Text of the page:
Life Among the Never-Winged

Once upon a time I was writing a book called, "Just Another Love Letter", about angels behaving badly. Now I just quietly ask myself each day, "What the hell am I doing?"

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Location: The Rocky Mountain Empire, United States

My friends always knew I was going to hell. My only hope is that God likes good jokes and bad redheads.

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  • Books Unlimited
  • Sunday, September 23, 2007

    And suddenly

    there were dry golden leaves everywhere – scattered under the tree, over the driveway, swirled by the wind into a pile in front of the garage door, a pile made for small hands to lift and toss, to scatter flecks into ash-blond curls, to kick up a smell of dust and faded flowers and cooler nights to come.

    Thursday, September 20, 2007

    Now I Can Talk

    I've been unmuzzled.

    Books Unlimited is starting its Going Out of Business Sale today.

    For any new readers, this is my husband O's used bookstore. The store was opened nearly twenty years ago by his father. O has worked in the store his entire adult life, taking charge a year and a half ago. The bookstore has served homeless folk and Pulitzer Prize winning authors alike, doctors, lawyers and Indian chiefs. Literally. It has seen floods, blizzards, construction, and four moves. And it has seen a change in Denver and the book-buying population in general. The last is what has prompted the decision to close the chapter on a mortar and bricks location.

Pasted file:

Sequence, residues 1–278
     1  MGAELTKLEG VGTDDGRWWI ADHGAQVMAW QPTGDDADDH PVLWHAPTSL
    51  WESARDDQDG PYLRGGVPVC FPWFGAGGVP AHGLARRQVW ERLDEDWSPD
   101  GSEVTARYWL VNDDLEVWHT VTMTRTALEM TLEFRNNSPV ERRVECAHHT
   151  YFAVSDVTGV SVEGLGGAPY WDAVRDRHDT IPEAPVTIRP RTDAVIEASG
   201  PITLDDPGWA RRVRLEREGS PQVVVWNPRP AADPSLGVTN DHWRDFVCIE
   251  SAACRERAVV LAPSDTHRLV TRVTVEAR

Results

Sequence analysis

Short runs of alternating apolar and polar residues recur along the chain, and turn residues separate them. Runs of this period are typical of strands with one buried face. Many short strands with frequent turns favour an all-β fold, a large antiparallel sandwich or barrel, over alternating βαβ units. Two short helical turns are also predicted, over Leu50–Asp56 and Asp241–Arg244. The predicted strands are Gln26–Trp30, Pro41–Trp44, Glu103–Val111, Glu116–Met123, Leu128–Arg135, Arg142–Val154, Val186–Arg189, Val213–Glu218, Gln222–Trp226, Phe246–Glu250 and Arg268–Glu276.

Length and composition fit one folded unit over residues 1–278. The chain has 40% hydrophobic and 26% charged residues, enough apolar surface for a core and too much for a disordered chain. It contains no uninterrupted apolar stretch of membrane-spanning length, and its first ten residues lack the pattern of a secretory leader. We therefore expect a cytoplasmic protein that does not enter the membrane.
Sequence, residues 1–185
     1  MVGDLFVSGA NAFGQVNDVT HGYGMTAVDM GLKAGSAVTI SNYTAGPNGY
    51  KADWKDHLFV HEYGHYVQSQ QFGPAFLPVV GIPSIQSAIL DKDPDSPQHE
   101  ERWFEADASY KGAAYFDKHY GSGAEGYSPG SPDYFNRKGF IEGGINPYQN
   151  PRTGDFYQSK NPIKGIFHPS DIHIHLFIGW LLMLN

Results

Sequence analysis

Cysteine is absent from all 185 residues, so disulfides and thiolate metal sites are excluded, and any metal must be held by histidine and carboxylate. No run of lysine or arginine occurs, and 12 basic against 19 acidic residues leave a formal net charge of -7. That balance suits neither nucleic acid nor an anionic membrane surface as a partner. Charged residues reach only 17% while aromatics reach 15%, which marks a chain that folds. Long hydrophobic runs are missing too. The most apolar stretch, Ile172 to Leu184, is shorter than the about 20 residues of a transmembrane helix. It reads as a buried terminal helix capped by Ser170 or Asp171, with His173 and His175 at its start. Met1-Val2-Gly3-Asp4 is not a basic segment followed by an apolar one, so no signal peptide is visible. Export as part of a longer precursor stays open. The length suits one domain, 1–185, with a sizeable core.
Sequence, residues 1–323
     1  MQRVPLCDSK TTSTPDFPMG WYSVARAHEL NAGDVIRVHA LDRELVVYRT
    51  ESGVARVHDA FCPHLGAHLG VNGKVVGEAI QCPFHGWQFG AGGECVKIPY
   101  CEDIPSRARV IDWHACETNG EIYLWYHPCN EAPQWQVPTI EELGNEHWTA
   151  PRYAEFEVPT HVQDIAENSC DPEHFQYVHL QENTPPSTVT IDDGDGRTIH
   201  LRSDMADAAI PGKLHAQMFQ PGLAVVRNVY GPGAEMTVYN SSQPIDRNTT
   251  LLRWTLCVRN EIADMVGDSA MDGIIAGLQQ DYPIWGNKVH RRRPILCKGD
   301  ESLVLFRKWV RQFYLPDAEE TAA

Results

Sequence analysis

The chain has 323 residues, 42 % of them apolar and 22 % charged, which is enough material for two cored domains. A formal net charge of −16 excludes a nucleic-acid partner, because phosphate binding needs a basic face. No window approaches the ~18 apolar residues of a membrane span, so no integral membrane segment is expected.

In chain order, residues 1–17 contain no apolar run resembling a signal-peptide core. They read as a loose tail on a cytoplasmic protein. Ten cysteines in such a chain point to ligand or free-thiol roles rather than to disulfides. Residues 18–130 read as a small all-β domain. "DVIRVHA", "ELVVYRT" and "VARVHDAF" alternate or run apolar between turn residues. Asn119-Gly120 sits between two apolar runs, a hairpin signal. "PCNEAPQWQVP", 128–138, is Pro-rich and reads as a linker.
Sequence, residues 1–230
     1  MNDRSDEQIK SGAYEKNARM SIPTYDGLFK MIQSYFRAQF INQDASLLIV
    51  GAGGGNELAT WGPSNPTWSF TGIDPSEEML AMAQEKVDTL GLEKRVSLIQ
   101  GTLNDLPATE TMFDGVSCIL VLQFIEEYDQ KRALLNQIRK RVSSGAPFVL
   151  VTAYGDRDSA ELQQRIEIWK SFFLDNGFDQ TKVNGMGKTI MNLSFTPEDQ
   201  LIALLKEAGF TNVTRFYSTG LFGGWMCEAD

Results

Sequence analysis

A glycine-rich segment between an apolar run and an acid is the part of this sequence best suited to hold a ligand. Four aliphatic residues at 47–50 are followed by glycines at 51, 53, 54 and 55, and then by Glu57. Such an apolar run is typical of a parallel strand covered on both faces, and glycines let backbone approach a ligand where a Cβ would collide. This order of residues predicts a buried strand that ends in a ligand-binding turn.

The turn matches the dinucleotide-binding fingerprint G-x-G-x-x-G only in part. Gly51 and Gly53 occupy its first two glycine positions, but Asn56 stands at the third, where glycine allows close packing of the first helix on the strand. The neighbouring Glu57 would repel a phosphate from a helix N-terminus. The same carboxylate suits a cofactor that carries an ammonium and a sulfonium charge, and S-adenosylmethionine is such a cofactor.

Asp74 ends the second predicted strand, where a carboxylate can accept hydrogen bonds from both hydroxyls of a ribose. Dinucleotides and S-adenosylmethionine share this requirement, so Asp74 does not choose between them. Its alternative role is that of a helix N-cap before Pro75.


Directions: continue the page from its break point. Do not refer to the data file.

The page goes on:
Our last move was a good one – to a stretch of Broadway called Antiques Row, where you can find all manner of European furniture, stained glass windows, art, clothing, and of course books. The building is beautiful, the store archetypal with its shelves stretching to the ceiling, pressed tin ceilings, vintage Victorian furniture, even a secret room hidden away behind a bookcase. We're actually in a competition for favorite Denver bookstore, just behind Denver's famous independently-owned new bookstore.

    But it's not enough. Things change. The city of Denver is planning a construction project that will tear up Broadway along Antiques Row over the next eight months (read twelve, at least). And when the concrete has settled, there will be fewer parking spots in front of the bookstore. But the real killer – a median down Broadway will stretch for four blocks and prevent any left turns, even in the intersections.

    The shopping public has changed too. It's evolution, plain and simple. Browsing has gone from footwork to fingerwork as more and more shoppers trade pavement for keyboards. I do it too. It's so much easier to look online, and sites named after giant rivers make it easy to find any book you want, new or used.

    It's time to go.

    No, it's time to change. Evolve.

    O will continue Books Unlimited online after the storefront closes. He has a website, a domain name to kill for, and he happens to be one of the giant-river-named-site's used booksellers. Through diligence and planning (and luck, let's not deny it) we have a cushion. We'll land on our feet.